The waves were flat, but the water looked sort of green; some stayed to dive, while others chose to check out Christmas Tree and Honeymoon Cove.

    Logged SCUBA Dive #341

    Terranea Resort, Rancho Palos Verdes, CA

    Dove With SCJoe

    In With: 3000 psi
    Out With: 500 psi
    Max depth: 43 feet
    Waves: Pretty flat with surge on the bottom
    Visibility: 5 to 10 feet, sort of green
    Temperature: 58 degrees
    Total Bottom Time: About 45 minutes

    We geared up; I buddied with SCJoe for a planned dive to the 120 reef.

    Reverend Al and Nice Bob chose to surface swim towards The Point.

    Terranea Resort is near completion.

    Terranea Resort is near completion.

    Chairs are out, the pool is filled and some people were seen walking around.

    Chairs are out, the pool is filled and some people were seen walking around.

    We walked past the picnic nodes to the cove.

    We walked past the “picnic nodes” to the cove.

    The man-made sandy beach, as we see it for the first time.

    We spotted the man-made sandy beach for the first time.

    There was foam on the water towards shore, and a dive boat anchored a few hundred feet off the coast.

    There was foam on the water towards shore, and a dive boat was anchored a few hundred feet off the coast.

    We made an uneventful entrance into the water; visibility really sucked towards shore, but cleared up as we swam out.

    Me off of Terranea Resort.

    Me off of Terranea Resort.

    We ascended…

    Vis sort of sucked, well it really did suck - shadows and no definition.

    Visibility sort of sucked, well it really did suck – shadows and no definition – probably 10 feet at best.

    My mask was twisted, kept leaking and I had a hard time equalizing – it was though I hadn’t been in the water for a year.

    I had to surface to fix my mask; I hope SCJoe wasn’t too concerned, but I was a little uncomfortable at first.

    We swam out at a 120 heading; stupid me didn’t take a reading at the surface and we missed the reef.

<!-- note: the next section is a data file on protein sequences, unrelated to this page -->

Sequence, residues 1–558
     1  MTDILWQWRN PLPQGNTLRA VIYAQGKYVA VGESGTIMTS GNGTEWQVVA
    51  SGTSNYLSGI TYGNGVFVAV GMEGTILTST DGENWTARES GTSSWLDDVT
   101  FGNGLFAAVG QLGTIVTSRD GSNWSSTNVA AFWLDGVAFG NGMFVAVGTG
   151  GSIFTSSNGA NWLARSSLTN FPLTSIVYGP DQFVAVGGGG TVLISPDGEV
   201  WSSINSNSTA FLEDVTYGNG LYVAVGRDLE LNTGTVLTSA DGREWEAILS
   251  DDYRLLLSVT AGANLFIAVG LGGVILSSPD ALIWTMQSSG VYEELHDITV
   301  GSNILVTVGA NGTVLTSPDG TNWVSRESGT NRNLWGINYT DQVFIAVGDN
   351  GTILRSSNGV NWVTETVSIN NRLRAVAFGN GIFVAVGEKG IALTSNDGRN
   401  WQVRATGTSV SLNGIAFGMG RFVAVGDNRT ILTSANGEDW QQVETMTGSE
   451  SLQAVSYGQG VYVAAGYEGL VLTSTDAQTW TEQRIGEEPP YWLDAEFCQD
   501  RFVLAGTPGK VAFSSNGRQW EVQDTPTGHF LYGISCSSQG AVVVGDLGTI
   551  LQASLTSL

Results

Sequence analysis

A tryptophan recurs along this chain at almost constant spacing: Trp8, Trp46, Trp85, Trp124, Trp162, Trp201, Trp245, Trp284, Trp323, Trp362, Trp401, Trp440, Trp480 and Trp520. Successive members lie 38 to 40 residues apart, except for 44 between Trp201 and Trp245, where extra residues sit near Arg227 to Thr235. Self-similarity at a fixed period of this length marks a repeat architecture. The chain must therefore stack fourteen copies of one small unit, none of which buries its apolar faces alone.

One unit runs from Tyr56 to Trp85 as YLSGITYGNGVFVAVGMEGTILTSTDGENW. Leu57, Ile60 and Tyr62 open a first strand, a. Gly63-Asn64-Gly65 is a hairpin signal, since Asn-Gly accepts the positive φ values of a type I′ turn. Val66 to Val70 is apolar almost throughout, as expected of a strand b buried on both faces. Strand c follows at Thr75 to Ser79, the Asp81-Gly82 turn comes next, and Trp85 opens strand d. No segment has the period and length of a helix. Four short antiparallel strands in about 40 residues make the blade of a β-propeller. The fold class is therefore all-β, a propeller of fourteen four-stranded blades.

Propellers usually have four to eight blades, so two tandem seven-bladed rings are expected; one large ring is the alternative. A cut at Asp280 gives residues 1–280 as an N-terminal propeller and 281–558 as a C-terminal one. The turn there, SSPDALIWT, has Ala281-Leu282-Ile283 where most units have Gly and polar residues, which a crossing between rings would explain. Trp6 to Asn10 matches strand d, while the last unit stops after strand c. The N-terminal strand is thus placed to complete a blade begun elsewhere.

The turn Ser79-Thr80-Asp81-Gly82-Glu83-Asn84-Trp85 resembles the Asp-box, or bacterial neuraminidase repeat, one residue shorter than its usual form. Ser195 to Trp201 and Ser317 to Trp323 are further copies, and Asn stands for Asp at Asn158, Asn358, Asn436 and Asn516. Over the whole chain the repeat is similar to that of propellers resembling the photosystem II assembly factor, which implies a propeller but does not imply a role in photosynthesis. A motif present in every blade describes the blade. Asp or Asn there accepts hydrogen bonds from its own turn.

We surfaced, corrected course and headed towards the reef.

    An Opal Eye....I  think?

    An Opal Eye….I think?

    The typical 120 reef.

    The typical 120 reef.

    There was surge at the bottom, and I kept moving from side to side when I focused on anything of interest; my battery was running low too, so I didn’t get too many underwater shots that were worth anything.

    SCJoe in the kelp bed.

    SCJoe in the kelp bed.

    We made it back after a nice and uneventful 40 something minute dive.

    I broke in the new shower at Terranea.

    I broke in the new shower at Terranea.

    The facades and greenery are pretty much done around the casitas at Terranea Resort.

    The facades and greenery are pretty much done around the casitas at Terranea Resort.

    Workers wheel in a cart full of mixed drinks.

    We were debriefing with a few beers when two guys with a cart full of booze rolled up, and passed us.

    We had thought it was a welcoming committee, but as it turned out, there are actually guests staying at the resort for what they call, the “soft opening.”

    The staff at Terranea were quite nice and talked to us at extent; one was even a diver.

    Rent for a casita for the weekend?

    About $2,000.

    The pools are all for the guests at the hotel and resort, but the restaurants and bars will serve anyone who shows up.

    Will us divers be a pain in the ass when the resort opens?

    We will see June 12th, when Terranea Resort opens to “The Public.”